£7.4 million of NHS funds for ‘reorganisation’ in eastern Devon

Protesters gather in Sidmouth outside public meeting to discuss proposed bed cuts

Protesters gather in Sidmouth outside public meeting to discuss proposed bed cuts - Credit: Archant

Sidmouth campaigners criticise health bosses for ‘shocking’ spending decisions

Health bosses have come under fire for spending £7.4million of NHS funds on ‘reorganisation’ - that campaigners say could have gone towards frontline care.

The Northern, Eastern and Western Devon Clinical Commissioning Group (CCG) is identified as one of the most economically challenged in the country with a predicted £384million deficit by 2020/21.

In response to the crisis, the region was chosen to undergo a drastic ‘transformation’ led by the Success Regime, which is proposing to axe 71 community hospital beds as part of a series of cuts.

Campaigners have hit out at plans that would see Sidmouth lose its inpatient beds and said patients should not suffer as a result of badly-managed finances.


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District councillor Cathy Gardner said: “I think it’s shocking that £7.4million can be found for reorganisation but not for frontline care. Many will question how wisely NHS funds are being spent when management consultants and internal managers are using up so much cash.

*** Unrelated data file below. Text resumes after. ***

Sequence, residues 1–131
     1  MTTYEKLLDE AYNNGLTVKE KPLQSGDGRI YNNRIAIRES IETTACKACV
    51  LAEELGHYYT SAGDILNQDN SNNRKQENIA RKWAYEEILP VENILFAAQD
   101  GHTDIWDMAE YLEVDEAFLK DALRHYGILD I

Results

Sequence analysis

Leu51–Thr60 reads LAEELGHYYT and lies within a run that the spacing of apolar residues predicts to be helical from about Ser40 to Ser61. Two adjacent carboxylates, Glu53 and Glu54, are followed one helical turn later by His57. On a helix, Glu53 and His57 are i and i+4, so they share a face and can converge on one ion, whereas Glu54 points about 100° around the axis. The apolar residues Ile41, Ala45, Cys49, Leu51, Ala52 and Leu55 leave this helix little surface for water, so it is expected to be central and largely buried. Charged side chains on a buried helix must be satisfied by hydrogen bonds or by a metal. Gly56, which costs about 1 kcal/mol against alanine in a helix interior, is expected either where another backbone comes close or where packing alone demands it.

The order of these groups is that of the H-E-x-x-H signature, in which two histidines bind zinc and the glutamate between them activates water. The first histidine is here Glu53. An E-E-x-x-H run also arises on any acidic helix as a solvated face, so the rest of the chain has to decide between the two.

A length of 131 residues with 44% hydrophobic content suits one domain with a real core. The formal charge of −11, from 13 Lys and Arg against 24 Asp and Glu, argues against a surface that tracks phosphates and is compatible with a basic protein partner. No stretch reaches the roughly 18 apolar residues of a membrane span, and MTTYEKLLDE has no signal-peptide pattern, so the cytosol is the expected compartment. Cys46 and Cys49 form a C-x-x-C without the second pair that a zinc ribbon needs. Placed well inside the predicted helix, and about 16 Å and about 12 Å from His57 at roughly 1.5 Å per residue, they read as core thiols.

“Health and social care in Devon has suffered from chronic underfunding. The NHS does need serious reform but not of the kind being undertaken under the guise of improvements.”

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The CCG confirmed that the Success Regime in Devon received £1.4million in 2015/16 and a further £6million in 2016/17 - but stated that the money was specifically set to implement changes and was not taken from the region’s £1.1billion budget for health services.

Campaigner and chairman of the Sid Valley patient participation group Di Fuller said: “The additional costs of managing the Success Regime, to try and put right what CCG management had failed to do, have diverted yet more funding from frontline services in the NHS.

“We must not endorse cuts to try and put this right until CCG can prove that alternative provision will be safe and meets quality standards.”

A CCG spokesman confirmed a total of £3.3million was spent on the Success Regime’s first phases of ‘transformation’ in Devon, Essex and Cumbria, with a further £17million budgeted for 2016/17. He added that the Success Regime’s programme aims to transform the way care is provided with a move towards a ‘home-based’ model of care.

This is expected to save between £4.7million and £7million a year after reinvestment into community services.

The CCG says it is continually looking at how to make the administration of care more efficient and streamlined.

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